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November 23, 2008
Citigroup Saw No Red Flags Even as It Made Bolder Bets
“Our job is to set a tone at the top to incent people to do the right thing and to set up safety nets to catch people who
make mistakes or do the wrong thing and correct those as quickly as possible. And it is working. It is working.”
Charles O. Prince III
’s chief executive, in 2006
In September 2007, with Wall Street confronting a crisis caused by too many souring mortgages, Citigroup executives
gathered in a wood-paneled library to assess their own well-being.
There, Citigroup’s chief executive, Charles O. Prince III, learned for the first time that the bank owned about $43
billion in mortgage-related assets. He asked Thomas G. Maheras, who oversaw trading at the bank, whether everything
Mr. Maheras told his boss that no big losses were looming, according to people briefed on the meeting who would
speak only on the condition that they not be named.
For months, Mr. Maheras’s reassurances to others at Citigroup had quieted internal concerns about the bank’s
vulnerabilities. But this time, a risk-management team was dispatched to more rigorously examine Citigroup’s huge
mortgage-related holdings. They were too late, however: within several weeks, Citigroup would announce billions of
dollars in losses.
Normally, a big bank would never allow the word of just one executive to carry so much weight. Instead, it would have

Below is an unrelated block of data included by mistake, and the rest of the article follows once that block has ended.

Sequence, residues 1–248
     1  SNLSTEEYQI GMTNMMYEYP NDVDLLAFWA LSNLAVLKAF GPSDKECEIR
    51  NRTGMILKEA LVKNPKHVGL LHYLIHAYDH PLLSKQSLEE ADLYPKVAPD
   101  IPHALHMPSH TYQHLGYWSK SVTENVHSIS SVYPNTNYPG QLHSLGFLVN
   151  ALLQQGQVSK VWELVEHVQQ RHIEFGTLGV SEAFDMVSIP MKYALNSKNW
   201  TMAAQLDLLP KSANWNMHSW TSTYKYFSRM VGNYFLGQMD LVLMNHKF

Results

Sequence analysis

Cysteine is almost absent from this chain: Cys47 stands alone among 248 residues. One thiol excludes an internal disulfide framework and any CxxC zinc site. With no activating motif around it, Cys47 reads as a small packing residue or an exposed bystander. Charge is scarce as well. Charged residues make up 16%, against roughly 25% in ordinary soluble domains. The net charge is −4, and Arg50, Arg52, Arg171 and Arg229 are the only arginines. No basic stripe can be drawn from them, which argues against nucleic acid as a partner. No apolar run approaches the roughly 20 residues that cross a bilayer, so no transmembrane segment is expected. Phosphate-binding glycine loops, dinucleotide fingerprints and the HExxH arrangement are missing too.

its risk managers aggressively look over any shoulder and guard against trading or lending excesses.
But many Citigroup insiders say the bank’s risk managers never investigated deeply enough. Because of longstanding
ties that clouded their judgment, the very people charged with overseeing deal makers eager to increase short-term
earnings — and executives’ multimillion-dollar bonuses — failed to rein them in, these insiders say.
Today, Citigroup, once the nation’s largest and mightiest financial institution, has been brought to its knees by more
than $65 billion in losses, write-downs for troubled assets and charges to account for future losses. More than half of
that amount stems from mortgage-related securities created by Mr. Maheras’s team — the same products Mr. Prince
was briefed on during that 2007 meeting.
Citigroup’s stock has plummeted to its lowest price in more than a decade, closing Friday at $3.77. At that price the
company is worth just $20.5 billion, down from $244 billion two years ago. Waves of layoffs have accompanied that
slide, with about 75,000 jobs already gone or set to disappear from a work force that numbered about 375,000 a year